Why 5%? The sugar guidelines revisited

Looking at those sugar guidelines for Spectator Health...

Earlier this week I suggested that the ‘extremely worrying’ news that children are eating twice as much sugar as the government recommends might have something to do with the government halving the recommendation. The change was made in 2015 based on advice given by the Scientific Advisory Committee on Nutrition (SACN) as part of its evidence review of carbohydrates. It recommended that people consume no more than five per cent of their calories from ‘free sugars’ (which includes sugar in honey and fruit juice). This was a significant change to the previous advice to consume no more than ten per cent of calories from ‘non-milk extrinsic sugars’ (which excludes honey and fruit juice).

In calorie terms, this implies daily limits of around 100 calories, down from the previous 200 calories. In layman’s terms, this means five or six sugar cubes for children under the age of 11 and seven sugar cubes for adults. The new guidelines are the lowest in the world and have been a boon for Action on Sugar who have issued press release after press release complaining that various everyday food products contain more than a day’s sugar.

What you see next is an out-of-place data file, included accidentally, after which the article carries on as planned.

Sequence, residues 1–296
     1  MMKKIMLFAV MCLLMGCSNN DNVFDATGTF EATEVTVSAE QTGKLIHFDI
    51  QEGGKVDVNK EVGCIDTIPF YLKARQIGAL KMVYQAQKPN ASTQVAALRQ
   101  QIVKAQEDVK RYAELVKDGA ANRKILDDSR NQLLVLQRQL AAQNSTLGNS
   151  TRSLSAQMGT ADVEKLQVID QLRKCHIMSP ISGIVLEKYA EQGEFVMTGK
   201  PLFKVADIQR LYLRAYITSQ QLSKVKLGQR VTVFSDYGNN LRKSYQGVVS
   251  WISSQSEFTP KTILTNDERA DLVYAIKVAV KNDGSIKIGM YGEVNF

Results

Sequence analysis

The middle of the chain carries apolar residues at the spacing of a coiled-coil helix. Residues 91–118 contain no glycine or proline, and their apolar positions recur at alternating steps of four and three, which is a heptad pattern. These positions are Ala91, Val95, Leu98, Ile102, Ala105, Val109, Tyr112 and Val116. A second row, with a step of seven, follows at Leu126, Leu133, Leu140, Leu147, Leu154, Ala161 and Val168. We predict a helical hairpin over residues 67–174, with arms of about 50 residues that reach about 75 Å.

The implication is that there is something inherently unsafe about consuming more than 30 grams of sugar in a day, but what? What harm will come to a 10 year old who consumes the recommended 2,000 calories a day but gets 200 of those from sugar rather than the recommended 100? Given that Britain’s food supply is being taxed, regulated and reformulated on the pretext of meeting this target, this is a question that should be asked more often. The answer, incredibly, is ‘nothing’.

Do read the rest.

Wednesday, 20 June 2018

Scotland's new tobacco plan unveiled


The Scottish government has just published the latest part of its plan to achieve tobacco prohibition 'a tobacco-free generation' by 2034. This target was set behind closed doors by politicians and state-funded pressure groups several years ago and attracted little public attention at the time. As the date gets closer, the government was always bound to resort to increasingly absurd and authoritarian measures.

And so it has proved. Since scraping the bottom of the barrel with plain packaging, the tobacco control racket has struggled to come up with any new ideas, but since ASH Scotland has to justify the hundreds of thousands of pounds it gets from Scottish taxpayers somehow, they've put their thinking caps on and these are some of its brain-farts that are now government policy...

Banning smoking in the home...